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GILL, MARGARET CATHARINE (Currie), poet; b. in Springhill, N.B., 14 June 1843, the daughter of Thomas Gill and Catharine Gaynor; m. 2 Nov. 1864 George William Currie in St Marys Parish, N.B., and they had two sons and two daughters; d. 7 Aug. 1906 in Fredericton.

Margaret Gill was the granddaughter of Ensign Thomas Gill of the Maryland Loyalists, and her literary imagination is said to have been influenced by the stories of the American Revolutionary War that her father passed on to her. In January 1861 she was examined at the Normal School in Saint John, N.B., and received a class I licence to teach in the western district of St Marys Parish. The 1861 census lists her as a schoolteacher and a Baptist living at home in St Marys with her father, a farmer and a Methodist. In February 1864 her licence was transferred to the southern district of the parish, and by February 1868 she and her husband were residing in Kingsclear Parish. On 14 May of the following year, however, Margaret’s licence was transferred again to the western district of St Marys. Sometime later the Curries moved to Fredericton where, “though the couple’s means were limited,” according to one local historian, they raised four children, sending “their sons to the University and their daughters to Normal School.”

Later an occasional contributor to periodicals such as the Saint John Globe or Stewarts Literary Quarterly Magazine (Saint John), Currie first drew attention to her poetic endeavours with the publication in Fredericton of Gabriel West, and other poems in 1866. Dedicated “to the descendents of the loyalists throughout the province of New Brunswick,” the poems were written “to preserve the memory of the Loyalists from oblivion.” The majority had been composed when Currie was a teenager and, apart from the topicality of those written about Fredericton or pirate treasure in the province, are of minor interest. However, in “Gabriel West,” which was “founded upon facts,” Currie was to develop strong narrative rhythms that enabled her to record the tragedy of a loyalist soldier, a friend of her grandfather’s, who had lost his wife and child in a shipwreck en route to New Brunswick. Currie’s strong patriotic feelings for the province are found both in this poem (“My heart rejoices in the right to praise / That country as my own, in simple, homely lays”) and in her more ambitious, later verse narrative, John Saint John and Anna Grey: a romance of old New Brunswick.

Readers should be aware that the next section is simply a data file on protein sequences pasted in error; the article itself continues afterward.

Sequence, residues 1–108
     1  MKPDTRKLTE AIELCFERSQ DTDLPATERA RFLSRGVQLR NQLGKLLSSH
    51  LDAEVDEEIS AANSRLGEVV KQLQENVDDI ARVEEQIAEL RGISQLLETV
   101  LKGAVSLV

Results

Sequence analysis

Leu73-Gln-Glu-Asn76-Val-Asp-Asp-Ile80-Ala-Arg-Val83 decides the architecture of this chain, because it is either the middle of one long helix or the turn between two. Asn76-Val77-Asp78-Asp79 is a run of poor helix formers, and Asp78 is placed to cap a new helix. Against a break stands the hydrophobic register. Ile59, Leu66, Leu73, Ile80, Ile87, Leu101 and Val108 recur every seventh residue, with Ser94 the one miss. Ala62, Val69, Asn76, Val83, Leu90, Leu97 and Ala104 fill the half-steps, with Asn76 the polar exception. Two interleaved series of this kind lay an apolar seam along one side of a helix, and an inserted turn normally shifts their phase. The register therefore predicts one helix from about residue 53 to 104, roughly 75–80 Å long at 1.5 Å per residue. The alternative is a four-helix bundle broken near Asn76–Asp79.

Published in 1897 by William Briggs* of Toronto “for the author” but supposedly written 20 to 24 years before, John Saint John and Anna Grey echoes the style of Henry Wadsworth Longfellow’s historical verse narratives while at the same time displaying conventions of 19th-century melodrama in its dark, tortured villains, its remote English country-house settings, and its ambiance of madness. Although ostensibly a tragedy of misguided and lost love, the 128-page poem is also Currie’s tribute to New Brunswick loyalists. Here, the Saint Johns and the Greys of the province are made admirable by the contrast of their integrity, courage, and humanity with the perfidy and decadence of British aristocracy. Order is restored to the universe only when Anna has returned to her native New Brunswick at the end and lies buried by the side of her faithful loyalist lover, John Saint John. Weakened by the author’s moralistic intrusions and by the insertion of two extra narratives in the madhouse sequences, the poem none the less provides imaginative details of loyalist domestic life in New Brunswick and includes vigorous passages of description:

Dingy dustmen, grimy coalmen, sooty sweeps with ragged hair,
                        Wiry tinkers, noisy hawkers, plied their trades or cried their ware;
                        Soiled and tawdry gypsy beauties told long tales from travellers’ palms;